HEALTH MATTERS: Putting the brakes on attention-deficit/hyperactivity disorder

February 2005 
Volume 35  Number 2
Pages 12 - 13
  PDF Version Available!


  • Falling into a pattern

  • Is it ADHD or not?

  • Treating ADHD

  • Nursing considerations



    ATTENTION-DEFICIT/hyperactivity disorder (ADHD), which in the United States affects perhaps 3% to 7% of young school-age children and 4% of all adults, is the most common neurobehavioral disorder diagnosed in school-age children. Although most people associate ADHD with hyperactive behavior, that's only part of the picture. Some patients (especially girls) with ADHD have difficulty concentrating but don't display motor hyperactivity. Although more boys than girls are diagnosed with ADHD, research indicates that the incidence may be nearly equal between the sexes.

    Considered a chronic health condition, ADHD interferes with learning ability and personal relationships. Although many people with ADHD have IQs in the superior or above-average range, they may have problems with short-term memory or clarity of thought. Fortunately, ADHD can be treated. Here I'll discuss how you can recognize signs and symptoms and help your patient and his parents find treatment that works for him.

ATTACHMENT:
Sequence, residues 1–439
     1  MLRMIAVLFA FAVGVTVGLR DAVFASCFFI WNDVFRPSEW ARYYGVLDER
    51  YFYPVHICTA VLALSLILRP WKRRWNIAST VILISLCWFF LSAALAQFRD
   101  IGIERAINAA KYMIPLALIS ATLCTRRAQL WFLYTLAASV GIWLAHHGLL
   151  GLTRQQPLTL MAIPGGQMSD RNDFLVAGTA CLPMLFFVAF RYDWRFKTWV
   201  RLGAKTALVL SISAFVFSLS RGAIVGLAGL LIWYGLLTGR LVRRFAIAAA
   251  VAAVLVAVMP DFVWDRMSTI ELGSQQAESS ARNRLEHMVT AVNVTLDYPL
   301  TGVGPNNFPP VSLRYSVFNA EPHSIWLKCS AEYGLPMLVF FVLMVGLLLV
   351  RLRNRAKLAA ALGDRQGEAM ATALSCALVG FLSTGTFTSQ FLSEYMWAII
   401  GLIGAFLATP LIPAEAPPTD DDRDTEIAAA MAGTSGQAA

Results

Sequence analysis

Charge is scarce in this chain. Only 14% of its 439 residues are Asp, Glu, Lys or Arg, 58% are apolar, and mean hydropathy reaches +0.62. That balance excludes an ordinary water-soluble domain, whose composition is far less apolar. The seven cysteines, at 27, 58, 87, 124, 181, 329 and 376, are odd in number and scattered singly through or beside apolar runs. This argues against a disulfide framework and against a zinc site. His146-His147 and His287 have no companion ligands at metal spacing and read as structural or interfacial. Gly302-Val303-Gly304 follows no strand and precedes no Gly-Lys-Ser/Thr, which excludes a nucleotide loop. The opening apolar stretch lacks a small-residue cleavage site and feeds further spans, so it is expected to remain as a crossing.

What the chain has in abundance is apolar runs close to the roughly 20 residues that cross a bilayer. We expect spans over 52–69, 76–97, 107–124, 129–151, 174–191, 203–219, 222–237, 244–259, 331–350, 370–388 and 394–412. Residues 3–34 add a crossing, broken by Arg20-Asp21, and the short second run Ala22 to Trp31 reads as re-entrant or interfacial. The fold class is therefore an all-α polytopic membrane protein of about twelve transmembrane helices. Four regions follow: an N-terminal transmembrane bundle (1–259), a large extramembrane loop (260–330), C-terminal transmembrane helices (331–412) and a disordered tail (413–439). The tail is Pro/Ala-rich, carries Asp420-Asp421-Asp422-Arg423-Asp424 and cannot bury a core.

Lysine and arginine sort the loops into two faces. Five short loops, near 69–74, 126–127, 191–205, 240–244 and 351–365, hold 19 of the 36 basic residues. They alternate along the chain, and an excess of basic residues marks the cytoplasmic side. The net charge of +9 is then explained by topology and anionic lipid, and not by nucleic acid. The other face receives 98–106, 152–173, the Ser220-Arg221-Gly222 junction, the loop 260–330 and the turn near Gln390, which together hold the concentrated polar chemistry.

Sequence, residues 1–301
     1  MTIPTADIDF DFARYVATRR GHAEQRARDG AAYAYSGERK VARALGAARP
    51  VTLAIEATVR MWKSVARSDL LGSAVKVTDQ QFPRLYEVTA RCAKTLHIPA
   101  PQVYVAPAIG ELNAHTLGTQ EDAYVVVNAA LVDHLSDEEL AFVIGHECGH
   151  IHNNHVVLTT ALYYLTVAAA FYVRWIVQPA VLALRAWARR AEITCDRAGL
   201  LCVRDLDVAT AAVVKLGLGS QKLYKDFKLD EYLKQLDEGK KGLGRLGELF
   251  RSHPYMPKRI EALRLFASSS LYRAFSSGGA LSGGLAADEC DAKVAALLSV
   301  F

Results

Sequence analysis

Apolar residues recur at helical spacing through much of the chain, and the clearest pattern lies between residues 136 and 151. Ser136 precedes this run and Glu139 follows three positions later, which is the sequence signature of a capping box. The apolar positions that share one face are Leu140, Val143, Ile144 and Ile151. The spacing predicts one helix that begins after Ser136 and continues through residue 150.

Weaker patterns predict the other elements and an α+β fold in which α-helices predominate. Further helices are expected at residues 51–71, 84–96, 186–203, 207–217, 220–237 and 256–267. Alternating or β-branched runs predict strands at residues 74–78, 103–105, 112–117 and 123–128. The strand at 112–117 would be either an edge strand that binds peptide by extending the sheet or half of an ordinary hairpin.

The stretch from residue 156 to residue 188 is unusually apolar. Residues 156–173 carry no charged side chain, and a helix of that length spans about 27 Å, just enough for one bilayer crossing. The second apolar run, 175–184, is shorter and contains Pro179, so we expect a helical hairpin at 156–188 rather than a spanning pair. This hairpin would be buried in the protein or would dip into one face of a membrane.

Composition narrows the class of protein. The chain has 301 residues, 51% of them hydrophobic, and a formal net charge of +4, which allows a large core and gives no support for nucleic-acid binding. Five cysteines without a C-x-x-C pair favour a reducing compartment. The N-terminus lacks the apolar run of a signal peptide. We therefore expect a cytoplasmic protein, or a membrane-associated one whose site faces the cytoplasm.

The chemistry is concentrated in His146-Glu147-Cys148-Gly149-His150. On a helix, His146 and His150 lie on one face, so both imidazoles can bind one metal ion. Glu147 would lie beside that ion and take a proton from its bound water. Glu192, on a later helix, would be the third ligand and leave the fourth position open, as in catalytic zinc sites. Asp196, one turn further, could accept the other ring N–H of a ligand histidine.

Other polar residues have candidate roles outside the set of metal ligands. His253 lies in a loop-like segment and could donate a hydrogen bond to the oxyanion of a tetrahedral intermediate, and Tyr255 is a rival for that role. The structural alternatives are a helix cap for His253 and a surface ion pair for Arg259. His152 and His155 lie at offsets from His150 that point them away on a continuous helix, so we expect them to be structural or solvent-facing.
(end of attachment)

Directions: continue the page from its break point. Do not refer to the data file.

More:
Falling into a pattern

    By definition, ADHD is a pattern of persistent inattention, hyperactivity, and impulsiveness that causes significant impairment in functioning. Children with ADHD may behave aggressively or eccentrically, causing peers to reject them. They may have few friends and low self-esteem. Older children and adults may fail to complete school or hold a job, or have troubled personal relationships and substance abuse problems. People with ADHD are more likely to smoke tobacco (and less likely to quit) because nicotine is a stimulant that paradoxically relieves ADHD symptoms.

    Although the cause of ADHD is unknown, research has identified several characteristic neurophysiologic abnormalities, ...

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